Corbató led the development of the Computer Time-Sharing System (CTSS), which is regarded as one of the world’s first operating systems. This allowed multiple people to use a computer at the same time, accelerating the pace in which programmers worked. It’s also credited as the first computer system to use passwords.

    For the first time, this allowed developers working on shared computing systems to have their own private accounts, where they could store and protect their work.

    CTSS also pioneered an early version of email, instant messaging, and word processing. Programmers could write code with a text editor called QED, which was the predecessor of ed, vi, and vim. Ken Thompson, who later designed Google’s Go programming language, also contributed to the development of QED, adding the ability to select and edit text with regular expressions.

    Following his work with CTSS, Corbató started work on another effort called Multics, which had an enormous influence on the computers of today. It partially inspired Unix, and was used by Dennis Ritchie, who, along with Brian Kernighan, developed the C programming language, which remains widely in use today.

    Corbató’s work also inspired MIT to launch Project MAC, which was the precursor to the Laboratory for Computer Science, and would later merge with the MIT Artificial Intelligence Lab to create the Computer Science and Artificial Intelligence Laboratory (CSAIL).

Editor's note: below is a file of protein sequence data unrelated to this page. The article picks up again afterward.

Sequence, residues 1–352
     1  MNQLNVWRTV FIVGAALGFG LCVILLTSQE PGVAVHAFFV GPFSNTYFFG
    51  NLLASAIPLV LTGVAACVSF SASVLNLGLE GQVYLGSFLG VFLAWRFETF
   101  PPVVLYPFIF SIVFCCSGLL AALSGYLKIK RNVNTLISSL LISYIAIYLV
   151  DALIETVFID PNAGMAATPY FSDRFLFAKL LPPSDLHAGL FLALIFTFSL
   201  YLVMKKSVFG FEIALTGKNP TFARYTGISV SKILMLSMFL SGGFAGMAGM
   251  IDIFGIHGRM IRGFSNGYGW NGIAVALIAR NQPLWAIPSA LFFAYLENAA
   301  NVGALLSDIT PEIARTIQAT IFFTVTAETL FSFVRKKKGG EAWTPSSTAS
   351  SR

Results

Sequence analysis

The MIT CSAIL is now home to 600 researchers, and is responsible for some of the most impressive advancements in artificial intelligence.

    Corbató was a veteran of the U.S. Navy, and was an alumni of the California Institute of Technology, as well as MIT. He’s survived by his wife, Emily Corbató; his daughters Carolyn and Nancy; his stepsons David and Jason Gish; his brother Charles; and five grandchildren.

  • Amazon continues work on mobile home robot as it preps new high-end Echo, says report

    Amazon is still working on a mobile home robot, according to a report from Bloomberg’s Mark Gurman. It’s also planning to add a high-end Echo to its lineup of Alexa devices.

    We first heard about Amazon’s plans to build a wheeled home robot in April last year. The project is reportedly codenamed “Vesta” (after the Roman goddess of the hearth), and rumors suggest it’s a sort of “mobile Alexa” that’s able to follow users around their homes.

    Today’s report doesn’t add significantly to this picture, but it seems Amazon is still keen to build the mobile device. It was apparently slated to launch this year but wasn’t ready for mass-production. Engineers have reportedly been pulled from other projects to work on Vesta, and Gurman reports that prototypes are “waist-high and navigate with the help of an array of computer-vision cameras.” They can also be summoned using voice commands.

    This (admittedly vague) description is actually pretty close to some existing products. A startup named Temi sells a “personal robot” with similar functionality, for example. Temi the robot is waist-high, has a built-in screen for displaying information, and can be controlled using Alexa. With a starting price of $1,999, though, it’s not really targeted at consumers, but more at companies that want to use the bot as a guide in their shops and offices.

    Along with its mystery robot, Amazon is also reportedly working on a high-end Echo device that’s due to be released next year. Bloomberg says the cylindrical speaker is wider than existing Echo products in order to fit in extra speaker components, and it could launch alongside a high-fidelity version of Amazon’s music streaming service.